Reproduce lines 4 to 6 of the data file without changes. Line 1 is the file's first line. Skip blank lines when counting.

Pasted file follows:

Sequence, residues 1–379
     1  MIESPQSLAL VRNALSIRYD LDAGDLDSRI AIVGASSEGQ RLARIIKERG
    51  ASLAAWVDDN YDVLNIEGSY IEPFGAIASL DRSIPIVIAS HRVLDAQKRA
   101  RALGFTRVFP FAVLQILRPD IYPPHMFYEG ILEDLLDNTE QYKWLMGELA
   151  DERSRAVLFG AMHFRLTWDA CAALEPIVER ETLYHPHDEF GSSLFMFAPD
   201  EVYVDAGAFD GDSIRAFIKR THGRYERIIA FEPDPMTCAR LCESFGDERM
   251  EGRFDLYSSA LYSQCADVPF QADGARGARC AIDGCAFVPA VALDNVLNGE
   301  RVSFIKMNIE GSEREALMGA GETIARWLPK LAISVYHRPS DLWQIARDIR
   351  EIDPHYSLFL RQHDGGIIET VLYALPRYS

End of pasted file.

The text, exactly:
   101  RALGFTRVFP FAVLQILRPD IYPPHMFYEG ILEDLLDNTE QYKWLMGELA
   151  DERSRAVLFG AMHFRLTWDA CAALEPIVER ETLYHPHDEF GSSLFMFAPD
   201  EVYVDAGAFD GDSIRAFIKR THGRYERIIA FEPDPMTCAR LCESFGDERM